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The Sports Journalist
All quotes by Matt Lucas, TV commentator.
If asked to imagine a Muay Thai (Thai boxing) ring, the first image that comes to mind is probably something akin to the cheesy 1980s Jean-Claude Van Damme action flick Kickboxer—a rustic concrete square beneath a leaky tin roof in some rural backwater, the sounds of flesh pounding flesh and grunting accompanied by the squawks of chickens and the breeze through palms.
And indeed, in many parts of Thailand they’d be correct.
However, they do things bigger in Pattaya.
Forget about the tin roofs and the chickens—the MAX Muay Thai Stadium has more in common with the Vegas MGM Grand. There are wildly spinning spotlights. There are announcers in tuxedos. There’s even a ring-girl.
The fighters are led out to booming Thai rock music and the roar of the crowd, each taking a moment to pose before entering the ring.
Each wears neon-colored satin shorts, festooned with golden logos displaying their names.
As they take their places in the ring, the roar of the crowd and the hypnotic, meandering drone of the pi chawa rise and fall with the rapid smashing of elbows and knees, the commentators growing increasingly hysterical as one fighter takes the lead on his opponent.
Tucked away beside the ring, you’ll often find American Muay Thai devotee Matt Lucas.
To say that Matt is a fan of Muay Thai is something of an understatement. He’s a foreign liaison at a Muay Thai gym, a freelance Muay Thai journalist, photographer, and author of a work of fiction set in the world of boxing in Thailand, The Boxer’s Soliloquy. And for two days a week, he’s an English-language commentator at MAX.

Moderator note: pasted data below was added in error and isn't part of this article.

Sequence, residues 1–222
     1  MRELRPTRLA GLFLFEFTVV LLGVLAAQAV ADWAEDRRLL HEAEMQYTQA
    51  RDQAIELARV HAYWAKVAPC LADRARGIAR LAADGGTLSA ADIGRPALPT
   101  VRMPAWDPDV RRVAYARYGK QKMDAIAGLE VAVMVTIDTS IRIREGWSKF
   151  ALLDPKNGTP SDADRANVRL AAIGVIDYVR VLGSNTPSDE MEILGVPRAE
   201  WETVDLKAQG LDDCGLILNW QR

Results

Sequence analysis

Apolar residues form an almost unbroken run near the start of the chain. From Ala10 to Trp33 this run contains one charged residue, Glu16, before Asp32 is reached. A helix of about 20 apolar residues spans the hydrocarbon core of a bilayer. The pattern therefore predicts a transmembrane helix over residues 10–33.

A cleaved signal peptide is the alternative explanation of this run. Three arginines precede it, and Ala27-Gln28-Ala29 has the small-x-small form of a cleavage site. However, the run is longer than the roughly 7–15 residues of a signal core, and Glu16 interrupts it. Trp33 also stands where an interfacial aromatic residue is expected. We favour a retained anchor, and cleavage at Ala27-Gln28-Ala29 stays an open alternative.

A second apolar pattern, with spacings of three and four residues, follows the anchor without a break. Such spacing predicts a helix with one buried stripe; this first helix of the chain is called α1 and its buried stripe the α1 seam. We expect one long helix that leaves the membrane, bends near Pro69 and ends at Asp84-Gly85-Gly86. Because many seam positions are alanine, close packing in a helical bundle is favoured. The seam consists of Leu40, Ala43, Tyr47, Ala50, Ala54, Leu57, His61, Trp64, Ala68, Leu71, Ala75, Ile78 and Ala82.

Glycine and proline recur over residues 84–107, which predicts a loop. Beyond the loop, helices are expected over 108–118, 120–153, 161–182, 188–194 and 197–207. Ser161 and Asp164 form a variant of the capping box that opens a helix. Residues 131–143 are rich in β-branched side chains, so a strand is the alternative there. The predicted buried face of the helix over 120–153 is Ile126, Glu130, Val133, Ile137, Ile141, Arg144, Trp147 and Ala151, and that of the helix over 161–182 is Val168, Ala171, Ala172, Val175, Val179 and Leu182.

You watch fights all the time, so it can sometimes get repetitive.”
Matt confided to the Brewed in Bangkok podcast during his episode “Flying Elbows: The Gritty Details of Muay Thai Careers With Matt Lucas.”
But as a commentator, the whole point is you’re bringing excitement; you’re trying to bring something new to the show and that can definitely require some work. Just like any sort of public performance requires work.”
Like any other kind of public performance, commentators have different approaches.
My co-commentator Rob Cox is much more experienced than me. He’s been commentating and doing Muay Thai journalism for the last ten-plus years. So he mainly sticks to sort of play-by-play commentating. But also other commentators like, say, Vinny Shoreman, will talk about the person’s characteristics, sort of their past a bit more and that can be interesting too.”
We spoke to Matt to get more of an insight into the world of a Muay Thai commentator in Thailand—the day-to-day work, the successes and difficulties, and how one goes about breaking into the industry.
A typical day sees me drive from Bangkok to Pattaya with my coworker. Upon arrival we do a Facebook Live event where we talk about the upcoming weekend’s fights. I’ll write some content about the fights as well, with short interviews of the fighters, and then when the show starts I sit ringside and talk about the bouts live as they happen.”
Besides his commentating commitments, Matt also works as a foreign liaison at the FA Group Muay Thai Gym. This work entails spending time replying to foreigners interested in training at FA Group.
I arrange for them to stay at a nearby hotel, book fights, and take care of their concerns.”
It is extremely common for Muay Thai commentators and journalists to hold down a day job—there simply isn’t the work available.